-Precipitous fall in Antarctic sea ice, losing as much ice in four years as the Arctic has in 34.
-Unprecedented Arctic wildfires across Canada, Siberia and Greenland emitted as much CO2 in June as Sweden does in a year.

So it’s not exactly a big call to say something isn’t right. Even though it seems to take a Swedish school kid to let the world know it’s on fire.
The facts are brutal. Nine out of the ten warmest years on record were this century. The only outlier, 1998, scrapes into tenth place.
Three studies published recently in Nature and Nature Geoscience use extensive historical data to show there has never been a period in the last 2,000 years when temperature changes have been as fast and widespread as in recent decades.

Now climate change is not new. As much as everyone seems to be finally waking up to it, like the plastic crisis, just recently, it’s been an issue for a very long time.
I did a geology degree between 1991 and ’94 in Welsh Wales, and it was a big discussion back then. For a large part of the course, we studied the drivers of historic climate shifts as the climate is written in the rock record and more recently the ice and sediment records. Significant processes are at play, of course, the movements of the Earth and the sun that give us the vast sawtooth of ice ages and interglacial periods over hundreds of thousands of years. It was more academic then, questions like: does climate drive CO2 or the other way round?
The Milankovitch cycles, as they’re known, where variations in orbit (eccentricity) axial tilt (obliquity) and axial precession affect the solar radiation reaching different areas of the planet along with variations in the suns activities were what it was all about. Older professors saw the new-fangled’ hockey stick’ graph upswing in temps – when the theory said the world should have been cooling towards another ice age – as ‘natural variability’, the younger Drs saw a human-induced problem.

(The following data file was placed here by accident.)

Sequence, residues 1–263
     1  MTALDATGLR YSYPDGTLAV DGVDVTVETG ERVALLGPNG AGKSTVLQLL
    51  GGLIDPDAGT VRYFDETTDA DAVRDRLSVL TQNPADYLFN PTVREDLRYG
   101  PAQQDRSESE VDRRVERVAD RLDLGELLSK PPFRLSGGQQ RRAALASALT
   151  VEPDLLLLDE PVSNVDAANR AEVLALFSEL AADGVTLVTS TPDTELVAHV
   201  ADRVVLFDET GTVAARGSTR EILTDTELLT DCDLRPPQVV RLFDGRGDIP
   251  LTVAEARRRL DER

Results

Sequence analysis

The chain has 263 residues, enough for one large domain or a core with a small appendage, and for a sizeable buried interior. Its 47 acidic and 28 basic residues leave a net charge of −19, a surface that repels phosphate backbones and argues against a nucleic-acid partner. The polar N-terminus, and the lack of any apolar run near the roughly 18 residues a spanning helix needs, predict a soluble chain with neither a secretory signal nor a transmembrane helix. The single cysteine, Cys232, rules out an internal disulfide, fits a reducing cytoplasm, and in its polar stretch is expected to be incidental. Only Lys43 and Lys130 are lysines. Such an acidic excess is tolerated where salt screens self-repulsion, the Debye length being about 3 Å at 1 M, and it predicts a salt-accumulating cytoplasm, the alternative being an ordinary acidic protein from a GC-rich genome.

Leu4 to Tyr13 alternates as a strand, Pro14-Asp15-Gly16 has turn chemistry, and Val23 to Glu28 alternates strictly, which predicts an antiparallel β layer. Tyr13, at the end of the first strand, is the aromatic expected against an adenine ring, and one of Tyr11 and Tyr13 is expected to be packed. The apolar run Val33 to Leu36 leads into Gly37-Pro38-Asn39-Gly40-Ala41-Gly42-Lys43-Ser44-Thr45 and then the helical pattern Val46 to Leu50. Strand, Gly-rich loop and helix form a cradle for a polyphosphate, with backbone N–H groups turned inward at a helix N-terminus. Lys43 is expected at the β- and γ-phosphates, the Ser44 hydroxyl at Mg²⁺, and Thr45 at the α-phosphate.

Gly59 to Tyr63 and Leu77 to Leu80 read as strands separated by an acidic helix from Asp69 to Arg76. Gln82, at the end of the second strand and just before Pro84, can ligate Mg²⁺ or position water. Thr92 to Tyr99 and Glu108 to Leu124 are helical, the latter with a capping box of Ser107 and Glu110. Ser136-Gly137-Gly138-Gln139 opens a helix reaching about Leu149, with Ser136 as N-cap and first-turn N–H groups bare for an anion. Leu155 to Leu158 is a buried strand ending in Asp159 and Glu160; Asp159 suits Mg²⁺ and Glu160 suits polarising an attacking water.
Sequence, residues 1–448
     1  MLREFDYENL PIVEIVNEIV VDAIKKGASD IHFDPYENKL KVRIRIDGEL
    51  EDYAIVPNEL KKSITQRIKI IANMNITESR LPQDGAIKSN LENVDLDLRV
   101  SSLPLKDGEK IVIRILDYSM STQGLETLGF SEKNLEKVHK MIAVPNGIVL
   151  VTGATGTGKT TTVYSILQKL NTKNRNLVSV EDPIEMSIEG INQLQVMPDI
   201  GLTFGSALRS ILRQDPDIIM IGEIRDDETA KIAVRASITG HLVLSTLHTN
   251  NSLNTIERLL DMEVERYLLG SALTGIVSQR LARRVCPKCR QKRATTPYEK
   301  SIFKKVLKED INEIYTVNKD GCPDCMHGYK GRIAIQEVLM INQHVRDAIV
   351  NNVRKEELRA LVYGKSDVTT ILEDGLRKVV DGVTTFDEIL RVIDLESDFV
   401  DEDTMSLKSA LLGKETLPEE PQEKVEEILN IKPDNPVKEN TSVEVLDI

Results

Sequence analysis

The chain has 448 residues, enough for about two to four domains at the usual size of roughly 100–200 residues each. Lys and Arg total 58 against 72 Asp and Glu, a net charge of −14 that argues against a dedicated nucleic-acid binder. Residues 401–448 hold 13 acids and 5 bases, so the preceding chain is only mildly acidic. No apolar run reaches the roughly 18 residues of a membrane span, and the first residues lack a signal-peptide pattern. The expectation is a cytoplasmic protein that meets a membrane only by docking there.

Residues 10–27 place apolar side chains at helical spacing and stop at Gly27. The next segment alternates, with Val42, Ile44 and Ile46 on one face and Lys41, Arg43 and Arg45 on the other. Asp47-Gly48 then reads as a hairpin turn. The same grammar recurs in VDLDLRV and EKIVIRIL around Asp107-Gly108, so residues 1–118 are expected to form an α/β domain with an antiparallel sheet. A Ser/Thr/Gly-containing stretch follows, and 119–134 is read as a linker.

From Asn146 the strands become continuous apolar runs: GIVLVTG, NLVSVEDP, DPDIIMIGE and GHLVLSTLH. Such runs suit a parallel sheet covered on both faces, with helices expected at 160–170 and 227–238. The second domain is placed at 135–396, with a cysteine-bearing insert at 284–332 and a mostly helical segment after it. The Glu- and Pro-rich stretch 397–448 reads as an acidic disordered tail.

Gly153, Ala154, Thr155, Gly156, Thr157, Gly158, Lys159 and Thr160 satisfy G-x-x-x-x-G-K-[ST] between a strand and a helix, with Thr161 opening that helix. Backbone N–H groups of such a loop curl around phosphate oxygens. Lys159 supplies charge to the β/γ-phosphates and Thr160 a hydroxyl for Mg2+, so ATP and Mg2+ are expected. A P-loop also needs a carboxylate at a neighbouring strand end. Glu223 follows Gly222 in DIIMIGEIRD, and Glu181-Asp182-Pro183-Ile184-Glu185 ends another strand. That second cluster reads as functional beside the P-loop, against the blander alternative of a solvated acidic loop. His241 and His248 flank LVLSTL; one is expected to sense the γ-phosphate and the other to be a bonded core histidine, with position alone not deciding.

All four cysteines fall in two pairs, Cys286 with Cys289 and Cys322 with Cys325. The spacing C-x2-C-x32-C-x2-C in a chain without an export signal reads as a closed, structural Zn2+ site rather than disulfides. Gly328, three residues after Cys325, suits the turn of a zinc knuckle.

The thing is with geological records is 200 years isn’t even a blink of an eye. In the 4.6 billion years of Earth’s history, humankind’s time is a split hair on the end of the timeline. The portion where we’ve been spewing shite into the sky another micro fraction of that.
Not to mention the global climate system is an insanely complicated thing that’s taken decades of research by thousands of boffins to get a handle on. Feedback loops in the weather system and carbon sequestration are poorly understood; not to mention the volcanic emissions wildcard. Supercomputers and satellite data were becoming valid research tools, and as such, the upswing in greenhouse gases since industrialisation was, for many academics, a blip.
I’m guessing most of those earth science professors might think differently now. Like 97 percent of climate scientists do. Nearly 30 years later not only have the wheels have come off the clown car but the tyres are on fire as well.
But don’t worry:

The global warming, it’s a hoax, it’s a money-making industry OK.
Donald Trump

But then Cheeto Jeebus does confuse weather with climate. A lot. It is a massive problem that the leader of the free world isn’t on board with the issue and happy for industry to keep on polluting. Politicians around the world are failing miserably to get to grips with the scale of the clusterfuck train barreling down the line towards us. It’s not a problem for 2050. It’s act now or who knows what’ll happen.

Some facts I jotted down from Dave Attenborough’s ‘Climate Change – The Facts’, which is well worth your eyeballs on iPlayer:
-All of this is happening far faster than we expected.